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Jeremy Hunt calls leak of HIV patient data ‘completely unacceptable’

Joseph McCormick September 3, 2015

Health Secretary Jeremy Hunt has hit out at a data breach by a leading London sexual health and HIV clinic, calling it “completely unacceptable”.

The clinic, 56 Dean Street, yesterday sent an email newsletter to the patients revealing the status, names and contact details of all 780 people to one another.

Speaking in Manchester at a conference, Mr Hunt said patient should be able to feel confident that NHS services would care for their personal data.

He said: “The truth is that we will throw this all away if we lose the public’s trust in our ability to look after their personal data securely.

“If we are going to win that trust we need to strengthen the independent oversight of data security within the NHS to a level that we don’t have at the moment.”

The clinic attributed the breach to “human error”, apologised to those named, and set up a helpline for anyone affected.

The apology, sent to PinkNews reads: “I’m writing to apologise to you. This morning at around 11.30am at we sent you the latest edition of OptionE newsletter.

“This is normally sent to individuals on an individual basis but unfortunately we sent out today’s email to a group of email addresses. We apologise for this error.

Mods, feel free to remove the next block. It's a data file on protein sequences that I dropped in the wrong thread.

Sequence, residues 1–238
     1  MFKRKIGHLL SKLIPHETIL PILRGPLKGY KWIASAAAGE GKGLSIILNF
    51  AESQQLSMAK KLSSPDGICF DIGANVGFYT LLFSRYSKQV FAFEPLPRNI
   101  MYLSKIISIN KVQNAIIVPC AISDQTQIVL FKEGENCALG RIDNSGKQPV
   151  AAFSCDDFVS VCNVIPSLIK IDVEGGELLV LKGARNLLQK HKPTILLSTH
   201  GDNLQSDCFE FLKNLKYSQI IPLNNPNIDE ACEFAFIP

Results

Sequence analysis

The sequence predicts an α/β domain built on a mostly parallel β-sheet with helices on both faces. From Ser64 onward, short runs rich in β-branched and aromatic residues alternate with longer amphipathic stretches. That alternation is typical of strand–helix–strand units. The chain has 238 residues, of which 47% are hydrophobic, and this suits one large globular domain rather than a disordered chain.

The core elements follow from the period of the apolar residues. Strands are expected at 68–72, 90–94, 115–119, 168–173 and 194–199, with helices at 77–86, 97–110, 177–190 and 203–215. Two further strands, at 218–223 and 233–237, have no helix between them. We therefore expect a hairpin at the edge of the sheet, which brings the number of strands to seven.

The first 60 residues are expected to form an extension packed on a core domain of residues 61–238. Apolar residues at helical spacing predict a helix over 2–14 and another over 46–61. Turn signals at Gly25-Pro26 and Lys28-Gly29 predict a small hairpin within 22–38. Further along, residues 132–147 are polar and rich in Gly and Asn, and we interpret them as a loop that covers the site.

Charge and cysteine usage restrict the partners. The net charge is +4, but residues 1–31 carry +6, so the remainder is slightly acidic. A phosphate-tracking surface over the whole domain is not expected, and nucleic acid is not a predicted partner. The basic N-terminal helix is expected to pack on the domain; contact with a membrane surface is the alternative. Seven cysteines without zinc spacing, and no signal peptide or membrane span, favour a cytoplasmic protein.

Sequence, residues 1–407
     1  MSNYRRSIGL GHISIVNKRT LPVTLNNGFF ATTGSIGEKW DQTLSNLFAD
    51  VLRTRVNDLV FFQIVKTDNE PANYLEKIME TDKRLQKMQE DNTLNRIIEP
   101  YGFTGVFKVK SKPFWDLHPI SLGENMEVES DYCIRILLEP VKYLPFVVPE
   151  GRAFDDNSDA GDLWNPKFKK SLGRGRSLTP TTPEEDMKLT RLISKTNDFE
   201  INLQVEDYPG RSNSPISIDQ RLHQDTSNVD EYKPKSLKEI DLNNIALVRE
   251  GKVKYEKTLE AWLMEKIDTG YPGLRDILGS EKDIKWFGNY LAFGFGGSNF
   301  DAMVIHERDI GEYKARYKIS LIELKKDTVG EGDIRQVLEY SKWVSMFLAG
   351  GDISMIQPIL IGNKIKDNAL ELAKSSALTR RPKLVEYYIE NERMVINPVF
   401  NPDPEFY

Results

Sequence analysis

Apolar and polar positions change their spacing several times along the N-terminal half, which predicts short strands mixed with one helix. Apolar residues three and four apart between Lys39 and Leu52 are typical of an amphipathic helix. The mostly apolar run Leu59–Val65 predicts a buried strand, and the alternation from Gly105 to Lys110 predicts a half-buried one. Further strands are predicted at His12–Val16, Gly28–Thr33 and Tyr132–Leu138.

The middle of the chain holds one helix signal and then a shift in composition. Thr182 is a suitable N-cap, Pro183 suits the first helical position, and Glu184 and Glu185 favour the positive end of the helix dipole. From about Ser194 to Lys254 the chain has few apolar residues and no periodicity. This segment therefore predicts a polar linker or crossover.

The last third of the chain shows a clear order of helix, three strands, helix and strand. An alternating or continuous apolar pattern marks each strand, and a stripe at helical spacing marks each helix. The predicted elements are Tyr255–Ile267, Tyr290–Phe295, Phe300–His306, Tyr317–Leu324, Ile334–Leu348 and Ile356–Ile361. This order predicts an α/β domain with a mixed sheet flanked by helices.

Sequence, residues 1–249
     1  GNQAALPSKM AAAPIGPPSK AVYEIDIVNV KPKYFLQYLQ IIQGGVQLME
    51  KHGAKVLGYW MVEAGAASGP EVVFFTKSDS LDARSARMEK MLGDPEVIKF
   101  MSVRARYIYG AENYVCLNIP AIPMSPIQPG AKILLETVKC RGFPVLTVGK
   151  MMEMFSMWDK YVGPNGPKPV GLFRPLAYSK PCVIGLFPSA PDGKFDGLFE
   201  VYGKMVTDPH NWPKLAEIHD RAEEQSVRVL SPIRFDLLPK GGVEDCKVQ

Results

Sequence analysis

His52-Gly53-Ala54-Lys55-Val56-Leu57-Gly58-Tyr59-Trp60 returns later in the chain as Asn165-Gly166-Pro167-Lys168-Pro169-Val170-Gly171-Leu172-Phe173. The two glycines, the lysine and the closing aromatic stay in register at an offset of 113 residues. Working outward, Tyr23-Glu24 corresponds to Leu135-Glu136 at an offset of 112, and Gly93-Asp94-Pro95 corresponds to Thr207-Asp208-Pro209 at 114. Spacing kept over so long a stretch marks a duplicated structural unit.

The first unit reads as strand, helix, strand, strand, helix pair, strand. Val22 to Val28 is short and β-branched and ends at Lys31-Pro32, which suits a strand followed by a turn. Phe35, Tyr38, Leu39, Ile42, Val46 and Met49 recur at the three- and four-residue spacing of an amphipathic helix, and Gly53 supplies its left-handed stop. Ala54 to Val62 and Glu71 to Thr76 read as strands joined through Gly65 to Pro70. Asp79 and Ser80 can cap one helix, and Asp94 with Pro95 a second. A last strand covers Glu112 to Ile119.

“We recalled/deleted the email as soon as we realised what had happened. If it is still in your inbox please delete it immediately.

“Clearly this is completely unacceptable. We are urgently investigating how this has happened and I promise you that we will take steps to ensure it never happens again. We will send you the outcome of the investigation.”

It is unclear what will happen next, however the clinic, which is run by the Chelsea and Westminster NHS trust, is likely to be subject to an investigation.

The Information Commissioner’s Office can levy fines of up to £500,000 for breaches.

Speaking to the BBC, one man named in the list said he “felt sick” when he realised what had happened.

He said: “I felt sick when I realised what had happened. I first saw the email at work but ignored it as I was busy. I then looked at it when I was on the way home from work. I couldn’t breathe.

“I’m concerned who will get this information. If it ends up in the hands of the wrong people, such as hate groups, it could be dynamite.”

More: 56 dean street, breach, data, email, HIV, Jeremy Hunt

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